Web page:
Security is and has always been an item of first importance that every nightclub, festival or event needs to address appropriately. This is even more so in this day and age with terrorism at the forefront of today’s global concerns, and with incidents unfortunately taking place at nightclubs and music venues throughout the world. It is alarming and frankly saddening that this year alone we have witnessed more of these violent acts being carried out than ever before, costing many lives in the process.
Unfortunately, there are venues and events that do not have a formidable security system in place, making them more vulnerable than others. And given the situation today, having lax security measures simply doesn’t cut it anymore. While it is understood that venue owners and event organizers have a lot of things to worry about, that should not be a reason to skimp on the security details, especially when lives are at stake.
Robert Smith, a security consultant, shared some simple ideas and actions for clubs to consider so they can better prevent or address any unfortunate incidents that could occurs in their premises.
When it comes to closed circuit TV systems, Smith follows a simple motto: if you think you have enough cameras, you don’t. So when installing a video surveillance system, be sure that an expert assists. This means you should not just take the word of the CCTV system company regarding where to place the cameras since they may have no clue what you need to capture.
It is important that the video system cover all exits, with extra coverage of the front door. Most importantly, your video system should not just record events but also save them. Use the system to not just diligently record but also to document the good and bad practices being done by personnel that work for your establishment, thus enabling you to make the necessary correction or commendation, whatever the case may be. In essence, everything that goes on in the club should be recorded, documented and be subject to a regular review.
It pays to be very diligent in checking out the background of anyone applying for a job in the nightlife industry. You should ensure that the applicant has a clean background, with no criminal records nor history that will be a problem when they work at your venue, since they will represent the business and deal with customers very often. Hiring the wrong person can cause you embarrassment and ultimately could result in failure for your entire establishment.
Given the social media age we find ourselves in, it is wise to look into the social media accounts of those you are looking to hire into your team. Hiring someone with a history of inflammatory, racist, xenophobic and homophobic posts on social media can backfire in ways you cannot imagine, ultimately causing major PR disasters that could even lead to your venue shutting down. It has happened before.
Holding safety inspections before the workday begins to proactively find and eliminate problems beforehand should be a given. After all, as they say, “prevention is better than cure.” This is particularly important in bigger venues, concert halls, etc
It should be a requirement for every business to have policy and procedure manuals. This will be a great help for management and employees so they know what to do in preventing and, when necessary, addressing incidents. It is also helpful so to show that the business has an established set of rules being followed at all times.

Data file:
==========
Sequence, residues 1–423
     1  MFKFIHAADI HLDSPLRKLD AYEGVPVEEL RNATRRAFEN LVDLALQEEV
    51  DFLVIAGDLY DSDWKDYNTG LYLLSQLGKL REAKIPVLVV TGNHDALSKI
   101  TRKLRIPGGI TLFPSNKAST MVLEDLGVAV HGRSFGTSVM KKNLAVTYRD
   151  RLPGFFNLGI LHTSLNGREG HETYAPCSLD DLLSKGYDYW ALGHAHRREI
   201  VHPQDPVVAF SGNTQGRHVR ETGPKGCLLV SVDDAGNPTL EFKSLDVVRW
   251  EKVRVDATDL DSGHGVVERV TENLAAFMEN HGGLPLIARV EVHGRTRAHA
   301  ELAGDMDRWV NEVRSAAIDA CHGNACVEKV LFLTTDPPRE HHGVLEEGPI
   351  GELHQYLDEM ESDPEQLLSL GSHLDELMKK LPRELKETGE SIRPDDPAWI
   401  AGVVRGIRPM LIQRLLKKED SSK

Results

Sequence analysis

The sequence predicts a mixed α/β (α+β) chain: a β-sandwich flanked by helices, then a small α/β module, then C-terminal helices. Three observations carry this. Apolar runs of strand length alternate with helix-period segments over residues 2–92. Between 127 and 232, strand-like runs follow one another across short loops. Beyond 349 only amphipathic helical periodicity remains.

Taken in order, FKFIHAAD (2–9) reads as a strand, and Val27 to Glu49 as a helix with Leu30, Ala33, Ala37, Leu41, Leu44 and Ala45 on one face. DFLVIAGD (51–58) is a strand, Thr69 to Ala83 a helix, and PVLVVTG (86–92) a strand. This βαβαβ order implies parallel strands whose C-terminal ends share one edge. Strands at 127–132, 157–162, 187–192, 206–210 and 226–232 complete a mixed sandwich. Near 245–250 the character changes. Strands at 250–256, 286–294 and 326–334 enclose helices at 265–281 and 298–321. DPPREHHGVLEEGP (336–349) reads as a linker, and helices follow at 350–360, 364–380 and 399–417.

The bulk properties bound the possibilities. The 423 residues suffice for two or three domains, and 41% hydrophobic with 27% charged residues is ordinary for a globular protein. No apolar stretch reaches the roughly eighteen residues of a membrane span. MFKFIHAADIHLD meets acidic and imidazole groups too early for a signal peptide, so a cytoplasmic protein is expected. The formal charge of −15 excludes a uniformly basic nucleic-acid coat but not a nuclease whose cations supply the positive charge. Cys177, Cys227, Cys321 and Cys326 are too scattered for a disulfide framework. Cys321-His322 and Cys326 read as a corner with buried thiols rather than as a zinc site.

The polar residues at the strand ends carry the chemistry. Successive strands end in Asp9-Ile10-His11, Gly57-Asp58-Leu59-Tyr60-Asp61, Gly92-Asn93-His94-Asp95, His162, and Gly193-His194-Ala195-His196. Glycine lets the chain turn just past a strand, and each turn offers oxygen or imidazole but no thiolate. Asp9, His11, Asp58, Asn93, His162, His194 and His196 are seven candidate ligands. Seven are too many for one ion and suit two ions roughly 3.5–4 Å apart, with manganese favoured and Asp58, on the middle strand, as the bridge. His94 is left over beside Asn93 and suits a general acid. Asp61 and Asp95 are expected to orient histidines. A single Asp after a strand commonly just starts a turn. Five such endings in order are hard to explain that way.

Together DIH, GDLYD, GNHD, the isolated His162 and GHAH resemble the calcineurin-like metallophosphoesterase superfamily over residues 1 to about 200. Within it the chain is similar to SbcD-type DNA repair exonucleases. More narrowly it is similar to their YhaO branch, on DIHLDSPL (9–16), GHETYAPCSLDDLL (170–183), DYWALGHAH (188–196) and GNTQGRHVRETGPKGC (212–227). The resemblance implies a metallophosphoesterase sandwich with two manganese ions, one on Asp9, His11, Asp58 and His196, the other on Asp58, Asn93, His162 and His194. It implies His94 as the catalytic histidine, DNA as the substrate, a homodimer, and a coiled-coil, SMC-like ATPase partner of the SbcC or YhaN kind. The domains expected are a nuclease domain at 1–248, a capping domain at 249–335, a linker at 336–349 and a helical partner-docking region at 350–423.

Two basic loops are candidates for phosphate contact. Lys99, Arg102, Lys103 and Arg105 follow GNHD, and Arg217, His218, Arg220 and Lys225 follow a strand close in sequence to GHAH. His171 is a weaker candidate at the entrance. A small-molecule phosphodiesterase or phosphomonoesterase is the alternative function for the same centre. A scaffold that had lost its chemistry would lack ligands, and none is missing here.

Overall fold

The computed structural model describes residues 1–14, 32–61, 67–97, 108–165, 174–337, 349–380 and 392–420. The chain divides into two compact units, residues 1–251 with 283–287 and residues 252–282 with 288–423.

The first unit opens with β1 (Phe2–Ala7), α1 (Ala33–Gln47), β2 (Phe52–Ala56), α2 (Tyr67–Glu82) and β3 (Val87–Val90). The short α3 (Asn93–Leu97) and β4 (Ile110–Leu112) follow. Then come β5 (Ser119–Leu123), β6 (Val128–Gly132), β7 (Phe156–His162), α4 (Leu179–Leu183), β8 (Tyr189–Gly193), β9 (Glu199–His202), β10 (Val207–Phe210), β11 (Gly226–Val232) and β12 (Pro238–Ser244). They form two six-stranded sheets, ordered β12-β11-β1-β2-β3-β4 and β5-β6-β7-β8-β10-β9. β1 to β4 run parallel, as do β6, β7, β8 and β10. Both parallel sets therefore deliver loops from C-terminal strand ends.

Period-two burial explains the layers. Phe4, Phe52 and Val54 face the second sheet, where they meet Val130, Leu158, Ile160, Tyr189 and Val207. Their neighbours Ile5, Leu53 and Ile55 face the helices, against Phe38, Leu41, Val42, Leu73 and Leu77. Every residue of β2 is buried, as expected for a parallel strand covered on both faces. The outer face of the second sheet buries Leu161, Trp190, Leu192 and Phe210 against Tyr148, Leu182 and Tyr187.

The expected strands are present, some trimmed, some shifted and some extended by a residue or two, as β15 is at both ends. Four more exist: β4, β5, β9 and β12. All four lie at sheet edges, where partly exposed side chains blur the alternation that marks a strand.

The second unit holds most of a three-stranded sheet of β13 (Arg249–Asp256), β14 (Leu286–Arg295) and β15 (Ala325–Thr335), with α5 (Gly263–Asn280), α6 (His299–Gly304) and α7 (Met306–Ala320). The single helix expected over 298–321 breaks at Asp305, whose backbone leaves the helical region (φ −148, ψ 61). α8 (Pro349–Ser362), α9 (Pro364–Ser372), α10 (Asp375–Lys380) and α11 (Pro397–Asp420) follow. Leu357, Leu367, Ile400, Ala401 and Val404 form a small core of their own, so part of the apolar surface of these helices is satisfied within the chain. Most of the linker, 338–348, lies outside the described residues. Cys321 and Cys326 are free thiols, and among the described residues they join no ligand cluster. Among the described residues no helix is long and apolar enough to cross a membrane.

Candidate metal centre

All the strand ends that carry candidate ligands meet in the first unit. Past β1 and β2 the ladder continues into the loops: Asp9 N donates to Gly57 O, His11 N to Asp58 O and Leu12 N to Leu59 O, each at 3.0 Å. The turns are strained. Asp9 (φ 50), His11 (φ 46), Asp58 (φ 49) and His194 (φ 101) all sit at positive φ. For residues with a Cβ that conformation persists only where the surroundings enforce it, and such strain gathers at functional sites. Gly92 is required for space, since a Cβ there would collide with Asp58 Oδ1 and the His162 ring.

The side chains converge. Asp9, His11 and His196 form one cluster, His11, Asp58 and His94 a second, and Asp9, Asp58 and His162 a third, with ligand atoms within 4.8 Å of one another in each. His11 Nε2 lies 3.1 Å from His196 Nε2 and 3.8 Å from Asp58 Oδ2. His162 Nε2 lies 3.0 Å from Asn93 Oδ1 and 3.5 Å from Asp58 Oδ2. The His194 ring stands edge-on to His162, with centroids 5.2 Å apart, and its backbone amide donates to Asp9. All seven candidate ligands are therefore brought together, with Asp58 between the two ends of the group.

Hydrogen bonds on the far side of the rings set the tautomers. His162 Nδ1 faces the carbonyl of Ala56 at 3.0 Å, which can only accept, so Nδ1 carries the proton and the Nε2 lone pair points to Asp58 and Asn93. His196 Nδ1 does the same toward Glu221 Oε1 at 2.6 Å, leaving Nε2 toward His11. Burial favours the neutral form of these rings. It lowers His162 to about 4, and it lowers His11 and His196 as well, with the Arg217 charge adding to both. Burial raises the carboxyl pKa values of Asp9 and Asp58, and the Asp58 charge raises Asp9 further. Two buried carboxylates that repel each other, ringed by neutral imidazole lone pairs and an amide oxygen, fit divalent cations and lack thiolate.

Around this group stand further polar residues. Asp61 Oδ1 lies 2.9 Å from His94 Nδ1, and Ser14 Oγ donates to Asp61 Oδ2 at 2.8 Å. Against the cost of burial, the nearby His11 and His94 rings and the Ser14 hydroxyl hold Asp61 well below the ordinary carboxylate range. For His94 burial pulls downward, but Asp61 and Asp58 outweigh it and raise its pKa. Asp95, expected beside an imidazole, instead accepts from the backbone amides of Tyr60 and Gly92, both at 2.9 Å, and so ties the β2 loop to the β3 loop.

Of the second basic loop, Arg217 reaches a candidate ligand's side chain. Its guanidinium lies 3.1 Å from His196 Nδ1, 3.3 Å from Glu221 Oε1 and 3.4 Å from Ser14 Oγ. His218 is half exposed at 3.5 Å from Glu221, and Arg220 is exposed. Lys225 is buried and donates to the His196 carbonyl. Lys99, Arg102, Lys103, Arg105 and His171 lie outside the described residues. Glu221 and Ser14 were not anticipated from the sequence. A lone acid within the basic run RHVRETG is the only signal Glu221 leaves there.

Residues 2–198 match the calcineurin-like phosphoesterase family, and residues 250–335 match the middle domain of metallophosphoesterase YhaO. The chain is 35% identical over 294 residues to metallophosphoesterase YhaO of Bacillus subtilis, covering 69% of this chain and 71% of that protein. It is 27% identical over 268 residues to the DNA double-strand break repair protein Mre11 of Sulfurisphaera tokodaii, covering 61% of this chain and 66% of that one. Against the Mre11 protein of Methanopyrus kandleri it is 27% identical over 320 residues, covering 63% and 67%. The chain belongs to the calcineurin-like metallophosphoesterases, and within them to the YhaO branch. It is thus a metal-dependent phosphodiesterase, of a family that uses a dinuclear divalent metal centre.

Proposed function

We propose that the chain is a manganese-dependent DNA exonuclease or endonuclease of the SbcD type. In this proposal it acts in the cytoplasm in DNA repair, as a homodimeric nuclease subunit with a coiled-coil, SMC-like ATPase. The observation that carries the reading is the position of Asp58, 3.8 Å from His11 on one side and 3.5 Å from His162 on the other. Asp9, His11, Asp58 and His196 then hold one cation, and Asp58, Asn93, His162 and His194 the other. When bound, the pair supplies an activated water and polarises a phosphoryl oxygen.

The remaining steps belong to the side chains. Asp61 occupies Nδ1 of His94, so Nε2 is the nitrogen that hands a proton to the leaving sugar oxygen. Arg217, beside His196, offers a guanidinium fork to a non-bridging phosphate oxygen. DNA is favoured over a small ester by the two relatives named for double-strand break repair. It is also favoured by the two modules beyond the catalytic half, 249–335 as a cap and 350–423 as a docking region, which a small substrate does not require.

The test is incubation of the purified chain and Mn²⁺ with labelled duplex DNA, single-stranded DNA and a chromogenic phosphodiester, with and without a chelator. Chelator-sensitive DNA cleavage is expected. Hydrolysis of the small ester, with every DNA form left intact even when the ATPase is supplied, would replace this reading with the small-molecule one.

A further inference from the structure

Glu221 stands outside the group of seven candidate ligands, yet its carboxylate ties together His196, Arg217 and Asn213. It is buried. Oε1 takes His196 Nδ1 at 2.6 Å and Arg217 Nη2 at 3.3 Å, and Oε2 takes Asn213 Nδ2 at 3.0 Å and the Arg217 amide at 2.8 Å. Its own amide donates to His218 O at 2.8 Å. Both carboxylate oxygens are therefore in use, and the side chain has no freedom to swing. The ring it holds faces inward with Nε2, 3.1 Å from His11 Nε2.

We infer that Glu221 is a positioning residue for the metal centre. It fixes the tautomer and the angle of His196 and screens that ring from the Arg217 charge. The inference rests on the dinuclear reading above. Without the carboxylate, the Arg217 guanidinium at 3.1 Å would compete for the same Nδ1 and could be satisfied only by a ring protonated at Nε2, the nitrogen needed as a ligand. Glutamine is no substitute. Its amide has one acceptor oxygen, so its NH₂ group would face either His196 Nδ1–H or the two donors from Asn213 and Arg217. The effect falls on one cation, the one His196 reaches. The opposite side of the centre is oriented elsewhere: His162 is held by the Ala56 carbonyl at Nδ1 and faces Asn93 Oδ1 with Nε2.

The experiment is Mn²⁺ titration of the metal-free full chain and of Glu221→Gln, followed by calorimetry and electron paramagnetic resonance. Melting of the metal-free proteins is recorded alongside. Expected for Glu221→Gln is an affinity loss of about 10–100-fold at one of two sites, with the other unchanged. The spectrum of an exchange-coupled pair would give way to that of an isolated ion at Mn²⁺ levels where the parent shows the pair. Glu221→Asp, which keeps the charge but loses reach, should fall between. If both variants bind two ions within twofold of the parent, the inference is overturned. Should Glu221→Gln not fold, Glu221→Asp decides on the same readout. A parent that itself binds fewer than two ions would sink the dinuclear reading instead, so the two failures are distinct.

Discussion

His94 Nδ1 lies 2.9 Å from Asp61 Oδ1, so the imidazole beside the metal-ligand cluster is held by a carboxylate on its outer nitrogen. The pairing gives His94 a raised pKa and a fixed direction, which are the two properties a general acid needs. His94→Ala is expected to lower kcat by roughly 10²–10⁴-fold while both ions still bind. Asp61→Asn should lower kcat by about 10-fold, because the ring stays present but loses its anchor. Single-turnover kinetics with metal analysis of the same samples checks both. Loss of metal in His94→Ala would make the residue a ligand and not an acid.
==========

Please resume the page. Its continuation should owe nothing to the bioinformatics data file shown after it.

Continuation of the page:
This is key considering the different kind of scenarios that could suddenly pop up on any given night. Your security staff needs to be ready to tackle any situation that may arise, ranging from fire to potential terrorist and everything in between.
One of the problems many nightclubs and venues face is that they hire and deploy too few security personnel than what is actually needed. This is one of the worst-managed areas within the entire hospitality industry. Hotels, nightclubs and bars all look at the position of a security guard as a necessary evil. Because of this, when things get tough for the business, security is the first to be cut. And that should not be the case. No matter what happens in the business, security must always make sure to cover the venue’s full capacity, entrances and exits, restrooms, dance or entertainment areas, VIP service areas, etc. Having enough security guards in one area is just not enough, every part of the venue must be covered and the number of guards should be adequate to handle any emergency that may come up.
Smith stresses that documenting any incident that could lead to litigation is crucial. “Emergency responders only will document what they need for a criminal investigation, if any. Besides, they might not ask the questions that can defend an operator during civil litigation, and frankly, they don’t care about any later civil investigation,” he explains.
For this reason it is very important to have a procedure and the proper tools to properly and immediately document any incidents that occur, as well as all the relevant details surrounding it.
Lastly, it is a must that every employee is given due and extensive training in various aspects that pertain to their duties. For example, the bartender should know how to handle a customer who consumed too much alcohol and should know how to defuse conflicts. Have your bartending staff complete a New York on-premise alcohol training to make sure they have the knowledge they need.
The security staff must know how to safely and legally detain and escort a guest from the venue. Training makes them better prepared for any situation and enables them to prevent them from escalating further, saving lives in the process.
Implementing these measures may be costly for the business in the short term. But it is a worthy investment that one cannot afford to skimp on. After all, lives are at stake and being able to ensure safety is not only for their benefit but for that of the business as well.